This week has been quite a week for me. I managed to catch an awful cold which has slowed me down enormously. While feeling pretty rotten, it has been the run up to my youngest daughter’s wedding on June 30th. Just because I am a very proud Mum, I’m including a photo here :-)
To get back to our English Garden, many wild flowers find a home in odd little corners. The top picture is a seed head from Wood Avens. Nature colours even these with a striking palette. It flowered a couple of weeks ago with bright yellow stars.
All kinds of pollinating insects visit this open flower where the nectar is readily available.
In other wildflowers, the plant has developed to provide for a narrow range of insects. This Foxglove hides it’s treasure deep within the tubular structure. It attracts bumble bees whose hairy backs pick up pollen and deposit it in the next flower where the stigma is perfectly positioned to receive it.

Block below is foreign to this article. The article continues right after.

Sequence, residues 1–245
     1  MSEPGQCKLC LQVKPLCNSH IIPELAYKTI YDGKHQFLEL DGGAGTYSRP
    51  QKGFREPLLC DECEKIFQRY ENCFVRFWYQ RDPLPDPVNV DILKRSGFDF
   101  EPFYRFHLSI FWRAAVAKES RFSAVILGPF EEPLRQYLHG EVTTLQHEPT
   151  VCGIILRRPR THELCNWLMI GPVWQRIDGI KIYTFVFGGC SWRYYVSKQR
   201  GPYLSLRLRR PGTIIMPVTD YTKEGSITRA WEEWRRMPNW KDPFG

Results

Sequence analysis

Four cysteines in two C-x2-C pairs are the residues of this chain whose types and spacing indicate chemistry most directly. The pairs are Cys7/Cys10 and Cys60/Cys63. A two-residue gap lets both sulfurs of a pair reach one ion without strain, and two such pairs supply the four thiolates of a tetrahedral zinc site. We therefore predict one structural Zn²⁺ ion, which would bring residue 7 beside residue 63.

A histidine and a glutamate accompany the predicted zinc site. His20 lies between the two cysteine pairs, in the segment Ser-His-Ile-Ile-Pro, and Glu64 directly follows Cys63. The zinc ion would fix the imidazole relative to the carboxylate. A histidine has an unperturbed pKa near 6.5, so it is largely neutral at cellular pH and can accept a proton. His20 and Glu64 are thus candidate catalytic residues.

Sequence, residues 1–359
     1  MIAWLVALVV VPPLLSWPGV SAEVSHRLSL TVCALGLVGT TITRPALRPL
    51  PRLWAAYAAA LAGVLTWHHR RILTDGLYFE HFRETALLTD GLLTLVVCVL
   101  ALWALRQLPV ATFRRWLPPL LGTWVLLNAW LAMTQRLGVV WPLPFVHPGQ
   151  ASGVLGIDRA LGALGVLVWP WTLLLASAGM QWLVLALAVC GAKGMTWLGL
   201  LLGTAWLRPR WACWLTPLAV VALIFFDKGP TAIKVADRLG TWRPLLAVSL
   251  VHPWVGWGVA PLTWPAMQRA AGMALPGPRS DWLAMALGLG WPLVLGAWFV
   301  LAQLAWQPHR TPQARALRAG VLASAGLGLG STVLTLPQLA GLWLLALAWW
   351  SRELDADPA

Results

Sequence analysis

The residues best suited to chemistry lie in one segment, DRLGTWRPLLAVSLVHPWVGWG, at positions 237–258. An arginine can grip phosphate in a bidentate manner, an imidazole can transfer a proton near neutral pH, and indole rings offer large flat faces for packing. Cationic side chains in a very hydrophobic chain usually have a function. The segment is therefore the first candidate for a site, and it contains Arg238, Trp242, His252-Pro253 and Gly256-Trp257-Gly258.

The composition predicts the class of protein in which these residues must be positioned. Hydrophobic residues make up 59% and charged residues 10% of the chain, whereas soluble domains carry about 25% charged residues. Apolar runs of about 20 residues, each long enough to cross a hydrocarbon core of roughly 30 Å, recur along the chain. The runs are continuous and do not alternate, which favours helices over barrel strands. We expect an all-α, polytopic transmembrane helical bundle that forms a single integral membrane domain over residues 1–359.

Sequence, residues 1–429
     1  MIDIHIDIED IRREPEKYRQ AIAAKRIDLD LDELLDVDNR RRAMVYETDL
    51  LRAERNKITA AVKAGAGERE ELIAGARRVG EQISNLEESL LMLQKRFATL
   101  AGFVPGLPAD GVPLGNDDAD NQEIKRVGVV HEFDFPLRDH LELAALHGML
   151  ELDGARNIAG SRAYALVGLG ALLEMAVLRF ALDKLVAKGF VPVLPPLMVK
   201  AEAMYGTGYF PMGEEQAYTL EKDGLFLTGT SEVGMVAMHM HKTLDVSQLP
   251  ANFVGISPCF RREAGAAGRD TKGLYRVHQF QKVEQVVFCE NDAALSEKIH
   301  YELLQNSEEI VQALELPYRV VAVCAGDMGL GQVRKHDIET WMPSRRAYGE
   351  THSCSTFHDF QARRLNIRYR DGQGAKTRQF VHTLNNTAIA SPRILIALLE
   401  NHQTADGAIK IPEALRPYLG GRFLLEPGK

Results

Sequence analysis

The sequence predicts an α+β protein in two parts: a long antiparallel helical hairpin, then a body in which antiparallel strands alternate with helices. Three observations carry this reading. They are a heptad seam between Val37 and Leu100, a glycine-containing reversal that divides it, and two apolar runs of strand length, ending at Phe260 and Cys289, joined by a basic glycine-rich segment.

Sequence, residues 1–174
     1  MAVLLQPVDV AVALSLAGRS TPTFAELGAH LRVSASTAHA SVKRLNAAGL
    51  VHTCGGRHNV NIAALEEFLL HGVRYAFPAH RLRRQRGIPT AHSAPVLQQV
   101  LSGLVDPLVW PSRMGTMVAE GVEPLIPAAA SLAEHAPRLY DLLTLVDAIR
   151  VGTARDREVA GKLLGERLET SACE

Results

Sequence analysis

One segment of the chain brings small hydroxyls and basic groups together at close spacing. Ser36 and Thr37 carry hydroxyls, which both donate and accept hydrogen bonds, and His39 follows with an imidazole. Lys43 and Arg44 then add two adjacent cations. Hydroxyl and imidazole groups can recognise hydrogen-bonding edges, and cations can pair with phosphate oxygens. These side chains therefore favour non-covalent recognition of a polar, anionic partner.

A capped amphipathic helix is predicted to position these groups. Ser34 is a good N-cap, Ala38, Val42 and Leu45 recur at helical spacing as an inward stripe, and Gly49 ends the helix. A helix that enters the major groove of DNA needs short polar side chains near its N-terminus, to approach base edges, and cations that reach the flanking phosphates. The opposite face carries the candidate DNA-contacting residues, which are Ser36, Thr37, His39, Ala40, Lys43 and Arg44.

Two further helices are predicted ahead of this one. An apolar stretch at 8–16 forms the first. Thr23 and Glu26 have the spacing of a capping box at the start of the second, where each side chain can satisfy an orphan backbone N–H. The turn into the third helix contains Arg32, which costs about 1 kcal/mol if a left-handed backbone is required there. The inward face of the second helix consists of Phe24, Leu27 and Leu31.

This isn’t a plant to grow if you have young children likely to play with it, though. It’s Latin is name Digitalis, a powerful medication for heart disease, but toxic to healthy people.
In the evenings we get regular visits from badgers. This photograph may look like he is out in daylight, but that is a trick of the camera. It’s actually almost dark. To get this shot, the ISO on the camera had to be set extremely high. It may have been possible to get a better result with flash but that may have scared him off.
The young Robins are already picking up their adult plumage and looking very strange and unkempt. The spotted feathers are being replaced on the breast by the typical scarlet. They will be off to find their own territories very soon.
I started this project in the coldest winter this area has had for quite a number of years. We are now into a blazing hot summer. Quite the opposite problem for wildlife which will welcome any water we can provide.
Nature on our doorstep can easily be overlooked as we are accustomed to it’s presence. To someone in a different area of the globe it can seem quite different and exotic, just as theirs does to you. So why not have a go at recording and sharing the everyday where you are? It’s a fantastic way to become familiar with both your local environment and your camera.